Then we look at the breakdown across the plans. This is an assumption but feels like a realistic power-law like breakdown. We also have to make an assumption on the number of users per company. We do this to back into the reported revenue numbers and try to get them as close as possible.
|Unity Personal/Plus||Unity Pro||Unity Enterprise|
|Hypothetical customer distribution (%)||50%||40%||10%|
|Hypothetical customer distribution (#)||550||440||110|
|Average users in that category||20||50||450|
|License fee (annualized)||$2,000||$2,000||$5,000|
|Revenue per customer (avg)||$40,000||$100,000||$2,250,000|
|Total revenue per tier (annual)||$22,000,000||$44,000,000||$247,500,000|
|Total revenue per tier (quarterly)||$5,500,000||$11,000,000||$61,875,000|
So…pretty close! Not bad. Now we can feel relatively good about the company size splits.
Now, let’s look at the new fees that would be added on top. For the purposes of the math, we assume an average amount actually paid for each install given that there are volume discounts at play. This only applies to the Pro and Enterprise plans.
|Runtime Fees (reported)||Unity Personal/Plus||Unity Pro||Unity Enterprise|
|Price per install (range)||$0.20||$0.01 - $0.15||$0.01 - $0.15|
|Average projected fee per install (assumed)||$0.20||$0.07||$0.03|
Here we look at total installs from last year (conservative) and make the assumption that a majority of the installs come from the most successful companies on the platform.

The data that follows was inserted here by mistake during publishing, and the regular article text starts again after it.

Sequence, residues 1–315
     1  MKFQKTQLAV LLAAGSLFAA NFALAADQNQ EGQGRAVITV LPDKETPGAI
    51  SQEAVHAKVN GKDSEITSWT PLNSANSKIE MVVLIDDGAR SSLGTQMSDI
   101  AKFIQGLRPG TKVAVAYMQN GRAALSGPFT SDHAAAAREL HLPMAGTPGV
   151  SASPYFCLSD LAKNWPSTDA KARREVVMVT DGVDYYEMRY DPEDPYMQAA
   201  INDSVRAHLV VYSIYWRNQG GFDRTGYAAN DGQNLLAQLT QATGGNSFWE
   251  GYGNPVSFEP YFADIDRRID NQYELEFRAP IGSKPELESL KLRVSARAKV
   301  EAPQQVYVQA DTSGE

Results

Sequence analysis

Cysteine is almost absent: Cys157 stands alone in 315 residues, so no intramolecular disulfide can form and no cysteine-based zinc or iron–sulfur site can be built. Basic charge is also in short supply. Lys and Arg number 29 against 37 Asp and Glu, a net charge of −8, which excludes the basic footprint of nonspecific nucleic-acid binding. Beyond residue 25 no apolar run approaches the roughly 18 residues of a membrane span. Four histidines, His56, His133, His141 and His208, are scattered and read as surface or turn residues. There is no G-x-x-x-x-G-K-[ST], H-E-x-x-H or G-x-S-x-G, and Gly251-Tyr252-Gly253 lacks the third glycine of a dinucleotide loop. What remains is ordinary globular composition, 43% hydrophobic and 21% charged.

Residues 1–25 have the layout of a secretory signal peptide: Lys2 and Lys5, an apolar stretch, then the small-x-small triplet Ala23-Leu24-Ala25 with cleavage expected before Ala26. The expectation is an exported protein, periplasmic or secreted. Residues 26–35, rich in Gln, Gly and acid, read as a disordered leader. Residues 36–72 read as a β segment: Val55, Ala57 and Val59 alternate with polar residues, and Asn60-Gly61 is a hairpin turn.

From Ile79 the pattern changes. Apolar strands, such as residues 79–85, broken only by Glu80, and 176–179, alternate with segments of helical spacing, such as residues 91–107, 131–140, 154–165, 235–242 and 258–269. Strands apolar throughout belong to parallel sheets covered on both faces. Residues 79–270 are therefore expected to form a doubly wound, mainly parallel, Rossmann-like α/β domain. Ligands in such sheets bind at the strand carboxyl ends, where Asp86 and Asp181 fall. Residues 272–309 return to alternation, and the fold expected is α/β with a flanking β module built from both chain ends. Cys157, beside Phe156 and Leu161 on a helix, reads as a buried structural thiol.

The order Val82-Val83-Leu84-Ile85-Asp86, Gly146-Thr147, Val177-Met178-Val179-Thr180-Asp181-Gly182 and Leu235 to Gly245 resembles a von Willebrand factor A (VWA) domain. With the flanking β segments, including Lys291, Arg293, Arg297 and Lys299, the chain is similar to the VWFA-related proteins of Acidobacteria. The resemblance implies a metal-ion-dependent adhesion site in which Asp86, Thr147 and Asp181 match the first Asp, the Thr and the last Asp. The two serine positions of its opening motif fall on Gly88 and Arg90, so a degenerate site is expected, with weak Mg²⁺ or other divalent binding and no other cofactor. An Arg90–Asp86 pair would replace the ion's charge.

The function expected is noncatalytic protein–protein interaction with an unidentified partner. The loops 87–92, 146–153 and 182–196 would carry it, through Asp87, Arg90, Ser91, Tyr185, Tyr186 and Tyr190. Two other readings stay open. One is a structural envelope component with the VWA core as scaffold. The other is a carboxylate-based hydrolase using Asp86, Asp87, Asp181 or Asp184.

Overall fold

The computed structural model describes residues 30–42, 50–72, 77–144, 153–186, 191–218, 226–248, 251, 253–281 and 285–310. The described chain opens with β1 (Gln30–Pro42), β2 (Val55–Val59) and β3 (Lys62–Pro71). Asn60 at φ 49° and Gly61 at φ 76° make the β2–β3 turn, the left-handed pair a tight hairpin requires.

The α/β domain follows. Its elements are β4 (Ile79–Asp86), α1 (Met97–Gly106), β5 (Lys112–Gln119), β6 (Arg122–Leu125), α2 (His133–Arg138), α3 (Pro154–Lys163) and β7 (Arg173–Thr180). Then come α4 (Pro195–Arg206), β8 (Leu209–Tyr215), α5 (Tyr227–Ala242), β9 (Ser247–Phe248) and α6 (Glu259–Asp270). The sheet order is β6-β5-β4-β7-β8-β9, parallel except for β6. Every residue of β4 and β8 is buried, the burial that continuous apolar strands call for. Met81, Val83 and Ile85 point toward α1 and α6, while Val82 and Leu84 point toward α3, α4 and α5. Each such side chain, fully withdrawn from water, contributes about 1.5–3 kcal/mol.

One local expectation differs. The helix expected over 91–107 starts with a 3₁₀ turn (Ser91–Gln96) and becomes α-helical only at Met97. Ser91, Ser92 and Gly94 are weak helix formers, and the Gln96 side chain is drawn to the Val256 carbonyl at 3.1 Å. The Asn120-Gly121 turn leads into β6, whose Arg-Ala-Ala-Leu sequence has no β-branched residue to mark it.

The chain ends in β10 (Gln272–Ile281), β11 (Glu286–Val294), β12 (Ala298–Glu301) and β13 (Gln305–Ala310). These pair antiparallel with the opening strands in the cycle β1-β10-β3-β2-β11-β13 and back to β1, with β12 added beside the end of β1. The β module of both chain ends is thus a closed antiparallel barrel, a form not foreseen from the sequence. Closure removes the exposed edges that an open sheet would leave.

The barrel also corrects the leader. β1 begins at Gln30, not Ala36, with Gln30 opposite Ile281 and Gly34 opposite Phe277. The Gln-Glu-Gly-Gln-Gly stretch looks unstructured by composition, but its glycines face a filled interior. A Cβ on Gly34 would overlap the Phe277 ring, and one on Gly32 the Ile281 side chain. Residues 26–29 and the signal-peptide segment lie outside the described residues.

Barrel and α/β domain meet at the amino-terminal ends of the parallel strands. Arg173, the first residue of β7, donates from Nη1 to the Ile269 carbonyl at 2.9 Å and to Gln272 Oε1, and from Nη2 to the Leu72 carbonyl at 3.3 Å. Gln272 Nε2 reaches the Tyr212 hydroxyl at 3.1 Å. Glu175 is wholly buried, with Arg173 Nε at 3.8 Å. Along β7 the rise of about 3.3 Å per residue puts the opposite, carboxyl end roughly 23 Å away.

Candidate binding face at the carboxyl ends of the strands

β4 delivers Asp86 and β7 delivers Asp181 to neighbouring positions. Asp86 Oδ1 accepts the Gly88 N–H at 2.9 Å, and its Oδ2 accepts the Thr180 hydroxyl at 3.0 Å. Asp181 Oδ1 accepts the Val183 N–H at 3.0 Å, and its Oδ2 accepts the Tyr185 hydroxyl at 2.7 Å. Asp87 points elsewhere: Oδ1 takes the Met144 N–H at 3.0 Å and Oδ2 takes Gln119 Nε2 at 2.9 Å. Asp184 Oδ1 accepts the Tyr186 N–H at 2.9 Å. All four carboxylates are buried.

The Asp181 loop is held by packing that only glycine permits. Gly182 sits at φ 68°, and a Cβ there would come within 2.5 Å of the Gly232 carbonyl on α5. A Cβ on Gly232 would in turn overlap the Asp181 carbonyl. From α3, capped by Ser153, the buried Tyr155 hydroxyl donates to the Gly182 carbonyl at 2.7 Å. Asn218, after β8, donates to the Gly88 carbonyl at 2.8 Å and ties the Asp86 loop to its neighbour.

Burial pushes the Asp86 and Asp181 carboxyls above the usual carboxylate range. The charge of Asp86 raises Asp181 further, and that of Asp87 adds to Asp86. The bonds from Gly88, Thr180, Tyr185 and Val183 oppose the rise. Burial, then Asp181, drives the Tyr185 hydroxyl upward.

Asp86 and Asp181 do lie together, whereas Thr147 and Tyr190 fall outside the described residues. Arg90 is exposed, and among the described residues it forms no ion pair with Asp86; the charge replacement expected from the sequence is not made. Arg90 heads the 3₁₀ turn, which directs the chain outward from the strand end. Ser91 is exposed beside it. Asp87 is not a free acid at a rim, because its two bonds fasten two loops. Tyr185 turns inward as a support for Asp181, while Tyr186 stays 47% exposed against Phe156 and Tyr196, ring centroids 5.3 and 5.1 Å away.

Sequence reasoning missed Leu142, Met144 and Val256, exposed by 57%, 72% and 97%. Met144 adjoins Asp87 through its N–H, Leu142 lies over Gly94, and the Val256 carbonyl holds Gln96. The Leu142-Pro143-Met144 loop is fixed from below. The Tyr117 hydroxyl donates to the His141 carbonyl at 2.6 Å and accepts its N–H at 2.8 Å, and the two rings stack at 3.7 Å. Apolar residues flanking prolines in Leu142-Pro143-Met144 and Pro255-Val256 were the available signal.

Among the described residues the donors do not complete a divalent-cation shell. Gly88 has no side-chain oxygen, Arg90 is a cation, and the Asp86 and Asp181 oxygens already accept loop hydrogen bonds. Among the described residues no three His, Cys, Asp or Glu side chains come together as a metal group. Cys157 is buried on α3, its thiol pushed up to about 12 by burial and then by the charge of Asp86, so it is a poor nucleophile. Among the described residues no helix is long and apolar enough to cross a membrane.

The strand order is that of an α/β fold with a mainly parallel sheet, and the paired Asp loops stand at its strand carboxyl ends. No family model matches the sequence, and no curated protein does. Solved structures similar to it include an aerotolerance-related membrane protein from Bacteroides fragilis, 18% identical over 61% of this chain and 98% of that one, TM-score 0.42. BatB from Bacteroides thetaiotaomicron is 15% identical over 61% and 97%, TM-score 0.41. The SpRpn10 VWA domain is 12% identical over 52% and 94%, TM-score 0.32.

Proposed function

|Installs in 2022 (reported)||4,000,000,000|
|Amount from > $100k customers (%)||80%|
|Amount from > $100k customers (#)||3,200,000,000|
We then use the above average fees across the company install splits…
|Hypothetical breakdown (%)||10%||20%||70%|
|Resulting install distribution||320,000,000||640,000,000||2,240,000,000|
|Rev per install (annual)||$64,000,000||$44,800,000||$112,000,000|
|Rev per install (quarterly)||$16,000,000||$11,200,000||$28,000,000|
Now we can compare the licensing revenue to the runtime fee revenue…
This paints a pretty clear picture. This gets close to doubling their revenue for this segment.
We need to make some allowances for what data is available and what can be estimated. I tried to use available information and then some high-level assumptions to thus align the data as closely as possible. Even with some room for error we can see that this would allow Unity to grow their revenue by a hefty amount.